[Python-ideas] Consistent programming error handling idiom

Chris Angelico rosuav at gmail.com
Sat Apr 9 01:32:12 EDT 2016

On Sat, Apr 9, 2016 at 7:25 AM, Rian Hunter <rian at thelig.ht> wrote:
> I want a consistent opt-in idiom with community consensus. I want a clear
> way to express that an exception is an error and not an internal bug. It
> doesn't have to catch 100% of cases, the idiom just needs to approach
> consistency across all Python libraries that I may import.
> If the programmer doesn't pay attention to the idiom, then is_a_bug() will
> never return true (or not True if it's is_not_a_bug()). AssertionError is
> already unambiguous, I'm sure there are other candidates as well.
> I'm not the first or only one to want something like this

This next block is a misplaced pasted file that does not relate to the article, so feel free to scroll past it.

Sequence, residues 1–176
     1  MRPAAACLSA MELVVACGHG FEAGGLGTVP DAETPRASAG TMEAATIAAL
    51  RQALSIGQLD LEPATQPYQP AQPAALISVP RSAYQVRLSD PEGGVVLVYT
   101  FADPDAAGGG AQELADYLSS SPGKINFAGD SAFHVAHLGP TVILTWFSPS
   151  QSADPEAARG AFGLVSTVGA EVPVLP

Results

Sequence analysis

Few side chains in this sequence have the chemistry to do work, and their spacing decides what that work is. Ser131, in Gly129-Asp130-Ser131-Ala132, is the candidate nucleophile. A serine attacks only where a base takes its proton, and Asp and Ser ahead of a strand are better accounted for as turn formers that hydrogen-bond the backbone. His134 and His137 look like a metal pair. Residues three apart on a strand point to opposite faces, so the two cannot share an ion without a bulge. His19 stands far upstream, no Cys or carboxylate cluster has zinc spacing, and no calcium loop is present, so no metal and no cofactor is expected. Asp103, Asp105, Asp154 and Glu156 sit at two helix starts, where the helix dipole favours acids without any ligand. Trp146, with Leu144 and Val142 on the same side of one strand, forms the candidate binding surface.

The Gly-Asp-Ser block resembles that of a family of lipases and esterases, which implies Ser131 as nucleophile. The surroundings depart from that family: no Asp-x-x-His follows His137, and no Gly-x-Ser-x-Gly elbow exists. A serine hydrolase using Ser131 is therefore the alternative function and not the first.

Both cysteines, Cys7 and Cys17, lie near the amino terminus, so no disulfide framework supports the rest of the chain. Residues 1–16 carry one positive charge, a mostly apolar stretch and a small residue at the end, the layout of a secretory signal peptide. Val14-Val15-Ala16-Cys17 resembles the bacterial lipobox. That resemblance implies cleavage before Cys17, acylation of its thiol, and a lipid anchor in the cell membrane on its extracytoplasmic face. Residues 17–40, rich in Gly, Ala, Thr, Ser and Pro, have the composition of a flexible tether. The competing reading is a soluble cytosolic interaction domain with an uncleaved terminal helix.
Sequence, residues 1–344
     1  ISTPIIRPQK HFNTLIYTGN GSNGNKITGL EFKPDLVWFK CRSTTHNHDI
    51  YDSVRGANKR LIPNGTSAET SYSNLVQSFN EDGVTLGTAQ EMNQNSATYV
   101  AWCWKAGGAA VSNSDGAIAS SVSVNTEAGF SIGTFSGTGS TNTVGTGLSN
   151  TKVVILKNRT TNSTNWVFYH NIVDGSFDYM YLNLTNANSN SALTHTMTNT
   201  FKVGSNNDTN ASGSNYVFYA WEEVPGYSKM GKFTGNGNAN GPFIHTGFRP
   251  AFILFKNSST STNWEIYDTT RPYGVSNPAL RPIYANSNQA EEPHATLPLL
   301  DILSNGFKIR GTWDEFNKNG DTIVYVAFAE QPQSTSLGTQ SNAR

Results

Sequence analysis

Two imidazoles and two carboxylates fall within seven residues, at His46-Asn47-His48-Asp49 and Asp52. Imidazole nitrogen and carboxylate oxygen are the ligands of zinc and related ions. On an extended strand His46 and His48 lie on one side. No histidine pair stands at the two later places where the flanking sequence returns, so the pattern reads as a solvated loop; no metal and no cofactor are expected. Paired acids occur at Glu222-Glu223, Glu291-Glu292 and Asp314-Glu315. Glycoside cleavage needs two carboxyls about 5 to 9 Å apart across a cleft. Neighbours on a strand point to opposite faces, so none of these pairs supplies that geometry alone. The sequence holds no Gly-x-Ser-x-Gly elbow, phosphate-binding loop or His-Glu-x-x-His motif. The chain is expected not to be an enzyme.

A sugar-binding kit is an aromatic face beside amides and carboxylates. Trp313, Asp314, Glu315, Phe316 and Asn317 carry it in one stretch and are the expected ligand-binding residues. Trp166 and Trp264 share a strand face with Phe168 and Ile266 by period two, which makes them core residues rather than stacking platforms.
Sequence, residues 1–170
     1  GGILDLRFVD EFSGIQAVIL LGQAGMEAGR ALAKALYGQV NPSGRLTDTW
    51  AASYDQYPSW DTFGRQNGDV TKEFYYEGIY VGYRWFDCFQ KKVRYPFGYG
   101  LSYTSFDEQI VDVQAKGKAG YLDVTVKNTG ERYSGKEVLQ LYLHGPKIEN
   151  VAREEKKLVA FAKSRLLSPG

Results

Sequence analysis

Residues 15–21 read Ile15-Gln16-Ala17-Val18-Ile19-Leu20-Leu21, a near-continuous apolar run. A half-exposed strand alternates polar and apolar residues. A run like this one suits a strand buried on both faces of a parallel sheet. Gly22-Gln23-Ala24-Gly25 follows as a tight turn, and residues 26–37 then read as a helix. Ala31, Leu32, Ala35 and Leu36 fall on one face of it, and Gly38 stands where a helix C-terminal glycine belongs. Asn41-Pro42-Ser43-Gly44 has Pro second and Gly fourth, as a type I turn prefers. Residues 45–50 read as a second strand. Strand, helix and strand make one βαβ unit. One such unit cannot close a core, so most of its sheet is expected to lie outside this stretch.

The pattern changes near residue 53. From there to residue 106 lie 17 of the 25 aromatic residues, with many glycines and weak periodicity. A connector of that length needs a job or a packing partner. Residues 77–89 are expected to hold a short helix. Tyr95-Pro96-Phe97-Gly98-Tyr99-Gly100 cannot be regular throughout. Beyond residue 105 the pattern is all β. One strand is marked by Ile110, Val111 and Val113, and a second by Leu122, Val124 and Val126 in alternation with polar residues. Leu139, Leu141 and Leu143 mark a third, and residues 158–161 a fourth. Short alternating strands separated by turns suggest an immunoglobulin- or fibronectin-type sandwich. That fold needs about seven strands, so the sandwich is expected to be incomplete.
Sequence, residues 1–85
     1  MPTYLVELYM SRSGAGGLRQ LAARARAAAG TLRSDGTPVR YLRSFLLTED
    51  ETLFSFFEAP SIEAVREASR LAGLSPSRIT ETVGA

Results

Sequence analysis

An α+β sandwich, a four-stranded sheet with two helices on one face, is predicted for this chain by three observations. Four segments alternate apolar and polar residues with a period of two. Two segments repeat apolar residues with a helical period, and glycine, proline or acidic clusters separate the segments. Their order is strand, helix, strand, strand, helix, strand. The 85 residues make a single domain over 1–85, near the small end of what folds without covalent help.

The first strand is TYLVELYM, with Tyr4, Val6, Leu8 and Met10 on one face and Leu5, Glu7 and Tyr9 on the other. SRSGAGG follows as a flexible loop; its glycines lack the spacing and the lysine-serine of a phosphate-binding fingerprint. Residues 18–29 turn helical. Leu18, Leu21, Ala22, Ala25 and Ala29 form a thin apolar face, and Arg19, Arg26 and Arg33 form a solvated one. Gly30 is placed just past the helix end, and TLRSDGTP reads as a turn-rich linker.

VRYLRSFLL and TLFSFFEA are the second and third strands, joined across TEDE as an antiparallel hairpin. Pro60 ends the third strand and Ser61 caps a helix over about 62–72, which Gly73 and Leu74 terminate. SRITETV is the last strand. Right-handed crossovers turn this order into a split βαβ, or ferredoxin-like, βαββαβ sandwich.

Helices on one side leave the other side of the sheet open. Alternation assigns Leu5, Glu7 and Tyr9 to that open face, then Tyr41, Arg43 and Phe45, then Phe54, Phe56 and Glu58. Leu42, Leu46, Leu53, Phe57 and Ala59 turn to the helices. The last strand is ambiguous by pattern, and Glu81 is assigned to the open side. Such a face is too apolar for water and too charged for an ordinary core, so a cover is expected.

> http://blog.tsunanet.net/2012/10/pythons-screwed-up-exception-hierarchy.html

The problem with posts like that is that it assumes there's some kind
of defined category of "stuff you always want to catch" vs "stuff you
never want to catch". This simply isn't the case. You ONLY catch the
exceptions you truly understand. Everything else, you leave. There's
seldom a need to catch a broad-but-specific subset of exceptions, and
those needs aren't entirely consistent, so they fundamentally cannot
be codified into the hierarchy.


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